There is no better way to get under the skin of a new destination than to indulge in a culinary journey of flavors. Ecuador has the perfect climate for growing so many delicious ingredients. I had every intention of tasting Ecuador to the fullest through the flavors of Quito.
Visitors often overlook Ecuador’s scenic capital, merely passing through on their way to and from the Galapagos Islands. However, anyone who enjoys indulging in a country’s culinary heritage will find much to explore within the world’s first UNESCO World Heritage site. After copious amounts of research on ingredients and dishes, I added quinoa, chocolate, avocado, and ceviché to my culinary “to do” list and left the rest to the experts at MetroJourneys, my boutique tour agency, once I arrived.
My Favorite Flavors of Quito – Locro de Papa
My top dish for both flavor and value was Locro de papa, a hearty potato based soup with the flavor of achiote. The spice is ground from the seeds of the annatto tree and is used to impart a woodsy, smoky flavor to a dish. The result is a certain earthiness that can be quite addictive.
When traveling, I always find hot soup a great dish for tasting the culinary culture with a bit of safety in mind. The toppings for this particular dish were the icing on the cake. A delicious selection of avocado, cilantro and cheese were offered as toppings, along with my favorite Ecuadorian surprise – popcorn.
Although the soup is available in many places, it is especially popular as a comfort food in the colder climate of the Andes highlands. The literal translation comes from the Quechua word meaning stew. After adding in all of the extras, it’s easy to see how it originated, and of course papa translates to one of the most prolific tubers in South America – potatoes. It is rumored there are hundreds of varieties in Ecuador, similar to the abundant number of birds.
Superfood Flavors of Quito
Thinking of Inca superfoods might bring to mind the ancient grain quinoa, but now there’s another building block to add to your list from the Andean region: lupine beans (lupini). Even though I had never heard of them before my visit, I predict this delicious bean will start appearing on more menus in the near future. Predating the Incas, the beans have a buttery flavor that packs a punch of protein, beating out most plant-based proteins.
Although the plant the lupini come from looks very much like what we would call lupine in the States, they are actually a member of the pea family. They are extremely bitter and need to be rinsed properly before eating or incorporating into a recipe. Containing more protein than both quinoa and soy beans, this beauty is rich in omega-3s like salmon.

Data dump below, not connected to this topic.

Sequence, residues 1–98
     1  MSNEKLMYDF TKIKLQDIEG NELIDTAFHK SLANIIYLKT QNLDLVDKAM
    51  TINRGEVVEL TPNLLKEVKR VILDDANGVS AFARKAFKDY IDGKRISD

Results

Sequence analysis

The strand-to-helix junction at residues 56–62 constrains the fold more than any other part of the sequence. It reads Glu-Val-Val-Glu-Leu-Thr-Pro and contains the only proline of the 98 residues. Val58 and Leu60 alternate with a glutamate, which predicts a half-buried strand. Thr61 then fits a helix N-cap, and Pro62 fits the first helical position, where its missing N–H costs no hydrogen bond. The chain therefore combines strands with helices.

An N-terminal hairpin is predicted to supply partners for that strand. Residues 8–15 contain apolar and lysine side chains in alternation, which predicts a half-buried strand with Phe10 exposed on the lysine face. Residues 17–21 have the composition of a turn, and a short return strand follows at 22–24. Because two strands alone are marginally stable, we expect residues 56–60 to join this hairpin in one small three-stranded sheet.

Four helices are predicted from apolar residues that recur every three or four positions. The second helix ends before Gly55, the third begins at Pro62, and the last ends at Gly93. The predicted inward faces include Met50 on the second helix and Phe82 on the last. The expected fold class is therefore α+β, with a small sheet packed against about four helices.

Also called chocho beans, they can be ground into a flour and used as an ingredient for baking and desserts. Surprisingly, I first found the bean as street food in a tasty vegetarian version of ceviché. The ingredients were basically the same as a fish variety with chocho beans substituted for the fish. Served with plantain chips, it was delicious. Tourists can find the bean eaten in Peru, Bolivia, and Italy as well.
I have quinoa in common with the Incas. It’s a staple in my diet and on regular rotation in my kitchen. It is a whole grain, gluten-free, and, at the same time, stacked with protein. I enjoyed learning about the Ecuadorian use of it as an ingredient. It is stuffed into vegetables, used as a part of many salads, and used as a bed for grilled octopus with a tasty yellow pepper aioli. During my stay at Casa Zuleta, the on-site garden had rows and rows of the grain gently swaying in the breeze. The grain’s many health benefits make it an important staple in the country’s diet.
Street Food Flavors of Quito – Plátanos con Queso
Are you a lover of street food? It took me a while to jump onboard internationally, but now I’ve joined the brigade and can’t wait to taste the flavors of a new destination through favorite street food stalls. Across the street from the lovely Casa Gangotena is the buzzing Plaza San Francisco.
Deep fried plantains split open and loaded with fresh cheese were cooking at the edge of the popular gathering place. Not my usual breakfast, but they were so tasty and rich. I passed on the spicy aji criolla, a traditional Ecuadorian hot sauce. The combination of the hot, sweet plantain and fresh cheese was more than enough of a party in my mouth!
Canelazo – Drinking the Flavors of Quito
It seems every country has their own version of a hot mulled wine, and Ecuador is no exception. Canelazo is a rich version that is based on naranjilla and punta. Cinnamon and sugar are flavor profiles. Punta is a potent alcoholic drink with a base of sugar cane. Common as a home brew, it makes a tasty combination. I was cautioned by more than a few to only have one even though it is often served in a pitcher. The basic recipe is water, sugar, orange juice, cinnamon, and alcohol. The Colombians call it their version of “firewater.” Keep that in mind when you ask for a refill!
Helados de Paila – Refreshing Flavors of Quito